Chief execute members for Agriculture in counties have backed the adoption of Genetically Modified Organism (GMO) crops to tame perennial food shortages in the country.

The ministers argue that with the effects of climate change, technology remains the only way to restore production on farms.

However, they want relevant stakeholders, especially the Kenya University Biotechnology Consortium (KUBICO) to lead a public campaign by creating awareness to enhance the adoption of these crops that have been developed through modern technology.

The County Ministers in the North Rift and Eastern Kenya want KUBICO to reach out to farmers in their Counties to help growers understand these crops and make an informed choice on adoption.

Dr Joel Ochieng from the University of Nairobi with Joyce Mutua, CEC Agriculture Makueni. Photo:BDA.
Dr Joel Ochieng from the University of Nairobi with Joyce Mutua, CEC Agriculture Makueni. Photo:BDA.

Speaking during a visit by the Consortium to the Counties of Baringo, West Pokot, Trans-Nzoia, Taita Taveta, Makueni and Uasin Gishu, the County heads noted that eliminating pest damage to maize and other crops using genetic engineering may enhance food security in their counties, improve food safety, and reduce recurrent chemical spray, thus protecting the environment.

“We are ready to collaborate on sensitising farmers because we need our County to be food secure”, said Risper Chepkonga, Baringo County CEC for Agriculture.

Wilfred Longronyang, CEC Agriculture West Pokot asked the researchers to organise a demonstration on the insect-protected Bt maize to the farming community in the County, saying convincing the County government alone will not achieve the desired adoption levels.

“We would want to have a demo plot in the county so that farmers can see this GMO crop and attest to its attributes. This will convince them in making up their minds when it comes to adoption,” said Mr Logronyang.

In Uasin Gishu, the Agriculture Chief Officer, Elphas Kesio decried the level of misinformation reaching the public on genetically modified organisms (GMO), saying scientists have to work extra hard to pass the right information to the public.

Taita Taveta CEC for Agriculture Eric Kyongo said the effects of climate change in the country currently present a strong case for the adoption of biotechnology crops in the country.

“Taita Taveta is a dry county and we have witnessed the effects of drought on food production here, these conditions call for the adoption of seeds that are drought tolerant in order to improve our production,” said Mr Kyongo.

In Makueni County, Agriculture CEC Joyce Mutua concurred with her counterparts, pointing out that the adverse effects of changing climate patterns can only be contained by the use of superior seed.

Joel Ochieng, head of the Agricultural Biotechnology Programme at the University of Nairobi, said farmers lose up to 60 percent of their entire maize crop to stalk borer in Kenya, putting more pressure on limited available stocks.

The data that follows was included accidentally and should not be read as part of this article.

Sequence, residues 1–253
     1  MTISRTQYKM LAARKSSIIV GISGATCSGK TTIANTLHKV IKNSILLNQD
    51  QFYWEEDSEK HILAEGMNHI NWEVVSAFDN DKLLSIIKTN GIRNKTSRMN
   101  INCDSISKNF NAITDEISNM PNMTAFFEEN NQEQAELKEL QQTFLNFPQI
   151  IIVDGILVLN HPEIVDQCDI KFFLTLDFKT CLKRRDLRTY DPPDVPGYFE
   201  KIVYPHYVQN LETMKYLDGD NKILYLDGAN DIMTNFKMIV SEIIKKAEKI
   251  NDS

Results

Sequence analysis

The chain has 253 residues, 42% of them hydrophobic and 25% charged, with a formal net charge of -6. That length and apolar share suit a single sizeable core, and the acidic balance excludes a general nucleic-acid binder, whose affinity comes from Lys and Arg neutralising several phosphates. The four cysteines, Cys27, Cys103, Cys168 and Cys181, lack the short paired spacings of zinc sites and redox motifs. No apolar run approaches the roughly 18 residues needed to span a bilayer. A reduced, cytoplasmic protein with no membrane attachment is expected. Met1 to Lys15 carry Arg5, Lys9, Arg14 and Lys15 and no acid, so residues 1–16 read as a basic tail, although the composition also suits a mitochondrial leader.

“If we adopt Bt maize, it means that we would have cut the losses occasioned by stalk borer, hence restoring yields by at least 60 percent, which would have been lost to these insects,” said Dr Ochieng.

Dr Ochieng, who is also the Secretary-General of the Kenya University Biotechnology Consortium, reiterated the safety of GMO products available in the country, noting the rigorous safety measures and tests that these products undergo before any can be approved for use.

Trans-Nzoia County CEC Phanice Khatundi Naliaka said the county is ready to adopt technology given the fact that provision of Bt seed can play a critical role in improving yields, however, she said public education is needed so that farmers can understand the GMO crops, which will help them make informed decision.

“My indication is that as a county our main agenda is productivity and value addition. When it comes to productivity by default anybody will go by any means to increase productivity,” said Ms Khatundi.

The ban imposed on GMO foods in Kenya in 2012 was lifted by the Cabinet in October 2022. However, Members of Parliament from the North Rift and other key maize growing areas in Western Kenya rejected the move, as well as key political leaders allied to the Azimio Coalition who have petitioned the government and rallied their followers to reject the products.

Through civil society organizations, two Court cases challenging the lifting of the ban are currently in the High Court, which consequently put a temporary hold on GMO maize imports and cultivation.

The MPs from maize growing areas in the North Rift vigorously campaigned against GMO in parliament when the matter came up for debate.

The legislators said wider consultation needed to be conducted before such action is taken. However, a section of youthful MPs has teamed up with the experts to sensitize the public on the safety and benefits of local cultivation of genetically engineered crops such as Bt maize, noting that the main problem with the technology is deliberate misinformation.